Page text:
(a)The quantity of meat, bones, or carcasses acquired or disposed of.

(b)The names and addresses of the parties to the transaction.

(c)The date.

(d)The place to which the meat was shipped or delivered.

(e)The name of the person that made the shipment or delivery.

SEC. 12.Section 24102 of the Food and Agricultural Code is amended to read:
24102.

For purposes of this chapter:

(a)“Animal” means a horse, pony, mule, or burro.

(b)“Program” means the program of equine protection and identification of the department.

(c)“Slaughter” means to kill an animal and prepare it for any commercial purpose, including for animal or human consumption.

SEC. 13.SEC. 3.

 Section 24106 of the Food and Agricultural Code is amended to read:

24106.
 (a) No person shall purchase, consign, sell, or accept the donation of an animal at a public or private auction unless the seller or donor of the animal provides, and the purchaser or donee receives, at the time of delivery, a written bill of sale or any written instrument that contains all of the following information:
(1) A description of each animal that is sold that includes its sex, breed, color, approximate height and weight, approximate age, natural marks, or identifying scars, and of each brand or tattoo and its location. If the animal has been branded or tattooed and registered with the Bureau of Livestock Identification in the department, the identification papers shall accompany the animal.
(2) The name, address, signature, and motor vehicle driver’s license number of the person who sold or donated the animal.
(3) The date of the transaction.
(4) The name, address, and motor vehicle driver’s license number of the purchaser of the animal.
(5) The name, address, and motor vehicle driver’s license number of any person who transports the animal to the purchaser or an auction yard.
(b) (1) Any person who purchases an animal at an auction described in subdivision (a) shall sign a sworn statement acknowledging and agreeing to comply with Sections 598c and 598e 598d of the Penal Code.
(2) The operator of an auction yard where the animal was sold shall maintain copies of the sworn statements for a period of not less than two years. The operator of the auction yard shall provide access to these records upon the request of the department, a local animal control agency, or an animal shelter.

SEC. 14.Section 24106.5 is added to the Food and Agricultural Code, to read:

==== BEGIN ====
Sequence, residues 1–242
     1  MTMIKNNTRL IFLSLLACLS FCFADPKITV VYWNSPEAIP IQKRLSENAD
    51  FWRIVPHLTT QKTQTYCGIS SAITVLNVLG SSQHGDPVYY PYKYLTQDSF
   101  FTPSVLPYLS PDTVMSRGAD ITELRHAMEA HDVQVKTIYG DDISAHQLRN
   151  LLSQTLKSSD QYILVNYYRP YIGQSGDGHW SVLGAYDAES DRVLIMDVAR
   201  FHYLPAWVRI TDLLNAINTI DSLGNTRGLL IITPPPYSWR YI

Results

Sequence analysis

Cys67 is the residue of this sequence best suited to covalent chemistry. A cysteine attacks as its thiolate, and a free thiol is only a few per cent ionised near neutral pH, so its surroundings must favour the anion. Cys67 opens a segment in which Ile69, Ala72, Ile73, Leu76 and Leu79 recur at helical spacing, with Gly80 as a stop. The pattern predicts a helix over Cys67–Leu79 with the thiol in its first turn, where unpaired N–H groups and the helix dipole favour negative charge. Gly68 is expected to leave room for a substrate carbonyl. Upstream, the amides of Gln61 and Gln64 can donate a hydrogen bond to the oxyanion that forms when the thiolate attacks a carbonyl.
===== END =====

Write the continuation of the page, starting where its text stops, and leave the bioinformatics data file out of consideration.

24106.5.

(a)If a state agency or any political subdivision of the state sells an animal at a public auction, or a person sells an animal at a private auction, the entity or person shall sell the animal at a price above the current slaughter price of the animal.

(b)A violation of this section is not subject to the criminal penalties set forth in this code. A violation of subdivision (a) is subject to a fine for each animal sold in violation of subdivision (a) in the amount of the current slaughter price at the time each animal was sold.

SEC. 15.Section 55701 of the Food and Agricultural Code is amended to read:
55701.

As used in this article, the following definitions shall apply:

(a)“Livestock” means any cattle, sheep, swine, or goat, whether living or dead.

(b)“Meatpacker” means an establishment where livestock are either slaughtered, the carcasses thereof are prepared, or meat is processed and where state or federal inspection is maintained.

SEC. 16.Section 598e is added to the Penal Code, to read:
598e.

(a)It is unlawful for any person to possess, sell, buy, give away, hold, or accept any horse if that person knows or should know that the horse will be killed for any commercial purpose, or killed so that any part of the horse will be used for any commercial purpose.

(b)Except as provided in Section 598c, a violation of this section is a misdemeanor punishable by a fine for each horse possessed, sold, bought, given away, or accepted in violation of subdivision (a) of one thousand dollars ($1,000) or five times the current slaughter price for the horse, whichever is greater.

(c)For purposes of this section, “horse” means any equine, including any horse, pony, burro, or mule.

SEC. 17.SEC. 4.

 No reimbursement is required by this act pursuant to Section 6 of Article XIII B of the California Constitution because the only costs that may be incurred by a local agency or school district will be incurred because this act creates a new crime or infraction, eliminates a crime or infraction, or changes the penalty for a crime or infraction, within the meaning of Section 17556 of the Government Code, or changes the definition of a crime within the meaning of Section 6 of Article XIII B of the California Constitution.